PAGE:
“I can tell you from the standpoint of the healthcare field, we have never seen this type of epidemic at the numbers we see with opiate addiction and heroine,” says Bob Vickrey, Director of the Las Vegas Community Triage Center.
Vickrey has worked with recovering addicts for decades. In fact, he is a recovered addict himself.
“When I found heroine it changed my life forever — I lost all resemblance of who I was. I became homeless and helpless. That is typical of what happens to folks who get caught up in this drug dependence.”
Vickrey considers himself lucky. When he hit rock bottom he was surrounded by people who wanted to see him get clean. That was 25 years ago. Since that time he says he’s “been able to live a wonderful life free of addiction” and he credits WestCare, his now employer, for helping him take his life back.
According to a recent article published in LoHud, part of the USA Today network:
From 2000 to 2014, nearly 500,000 people have died from drug overdoses, including nearly 29,000 in 2014 alone. A majority of the deaths involved opioids. Now, the CDC estimates that 78 people are dying every day from an overdose tied to painkillers and heroin. Just last year, that figure stood at 44 deaths per day.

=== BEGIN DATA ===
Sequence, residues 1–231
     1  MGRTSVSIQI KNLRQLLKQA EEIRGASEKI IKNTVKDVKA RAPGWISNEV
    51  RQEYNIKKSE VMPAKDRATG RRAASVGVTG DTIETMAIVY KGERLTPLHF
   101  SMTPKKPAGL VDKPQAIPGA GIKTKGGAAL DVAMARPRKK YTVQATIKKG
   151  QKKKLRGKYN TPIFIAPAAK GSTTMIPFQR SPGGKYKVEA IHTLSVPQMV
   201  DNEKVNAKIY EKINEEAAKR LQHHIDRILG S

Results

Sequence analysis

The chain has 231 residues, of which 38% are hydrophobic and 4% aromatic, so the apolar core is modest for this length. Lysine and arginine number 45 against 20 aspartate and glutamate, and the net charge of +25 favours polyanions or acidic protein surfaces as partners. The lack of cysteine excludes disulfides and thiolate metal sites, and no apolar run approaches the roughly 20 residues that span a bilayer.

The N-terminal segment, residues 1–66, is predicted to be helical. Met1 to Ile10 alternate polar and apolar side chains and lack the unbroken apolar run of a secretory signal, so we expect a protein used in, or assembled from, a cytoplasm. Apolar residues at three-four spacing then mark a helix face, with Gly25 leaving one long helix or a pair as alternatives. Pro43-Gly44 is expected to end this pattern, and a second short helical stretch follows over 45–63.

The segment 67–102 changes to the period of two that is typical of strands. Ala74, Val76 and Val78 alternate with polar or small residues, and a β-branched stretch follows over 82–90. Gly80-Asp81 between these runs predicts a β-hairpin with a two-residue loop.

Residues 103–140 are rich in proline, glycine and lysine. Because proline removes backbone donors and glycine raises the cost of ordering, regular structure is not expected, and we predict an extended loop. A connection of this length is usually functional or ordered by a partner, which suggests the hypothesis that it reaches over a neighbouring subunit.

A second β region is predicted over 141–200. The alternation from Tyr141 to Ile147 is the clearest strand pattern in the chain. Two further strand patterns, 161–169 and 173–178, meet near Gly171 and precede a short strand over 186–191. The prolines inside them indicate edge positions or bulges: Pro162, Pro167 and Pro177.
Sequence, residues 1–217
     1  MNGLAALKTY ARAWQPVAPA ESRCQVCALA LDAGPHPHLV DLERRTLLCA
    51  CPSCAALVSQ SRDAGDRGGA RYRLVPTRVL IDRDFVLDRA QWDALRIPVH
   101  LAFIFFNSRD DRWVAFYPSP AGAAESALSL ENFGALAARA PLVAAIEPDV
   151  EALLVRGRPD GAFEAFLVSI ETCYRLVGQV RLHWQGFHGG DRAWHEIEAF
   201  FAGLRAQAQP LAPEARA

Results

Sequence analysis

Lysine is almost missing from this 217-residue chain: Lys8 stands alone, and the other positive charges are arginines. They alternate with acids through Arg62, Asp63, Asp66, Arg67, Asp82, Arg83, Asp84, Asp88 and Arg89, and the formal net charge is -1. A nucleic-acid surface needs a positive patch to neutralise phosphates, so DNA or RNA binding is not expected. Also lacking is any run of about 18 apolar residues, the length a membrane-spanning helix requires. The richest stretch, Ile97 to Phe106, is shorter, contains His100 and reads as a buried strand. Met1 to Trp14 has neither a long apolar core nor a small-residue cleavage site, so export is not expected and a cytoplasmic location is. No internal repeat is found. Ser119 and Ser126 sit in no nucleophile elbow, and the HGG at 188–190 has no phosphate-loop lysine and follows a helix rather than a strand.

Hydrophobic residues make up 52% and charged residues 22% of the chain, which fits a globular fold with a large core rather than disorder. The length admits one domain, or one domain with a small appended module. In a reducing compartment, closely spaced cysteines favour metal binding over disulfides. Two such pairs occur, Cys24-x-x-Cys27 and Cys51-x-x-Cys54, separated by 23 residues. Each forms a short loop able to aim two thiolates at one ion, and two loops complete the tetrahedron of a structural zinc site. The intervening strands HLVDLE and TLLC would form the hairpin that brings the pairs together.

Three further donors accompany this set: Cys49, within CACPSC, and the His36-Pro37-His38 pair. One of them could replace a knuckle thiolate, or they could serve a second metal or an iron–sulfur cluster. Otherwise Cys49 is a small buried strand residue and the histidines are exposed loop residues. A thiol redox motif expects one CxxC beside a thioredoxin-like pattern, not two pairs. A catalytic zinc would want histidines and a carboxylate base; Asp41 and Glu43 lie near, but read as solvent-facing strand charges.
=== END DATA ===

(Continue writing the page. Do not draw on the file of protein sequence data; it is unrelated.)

“We know that drug overdose is the leading cause of accidental death in the United States — and that is a new phenomenon,” according to Vickrey.
In an effort to react to growing concerns about this opioid epidemic, the Centers for Disease Control and Prevention recently issued new guidelines for doctors prescribing pain medication.
The guidelines, aimed at primary care prescribers, state that opioids should not be considered as first-line therapy for chronic pain and that doctors should first consider alternatives such as exercise, meditation, and cognitive-behavioral therapy.
“We are experiencing an over-prescribing of pain medication,” VIckrey says. “The prescription painkiller is not always the first remedy.”
It is a tough situation for many doctors who find themselves under increasing pressure from patients seeking pain meds, and from insurance companies not always supportive — or willing to pay for — alternative treatments as a first line of defense.
Still, many in the healthcare and addiction recovery field feel this is a good first step. “I see it as a powerful tool if we can find a way to enforce it,” he says. “When we have that many people dying everyday because of an overdose, we have to take notice It’s a crisis, a public health crisis and an epidemic that we all have to go to work on.”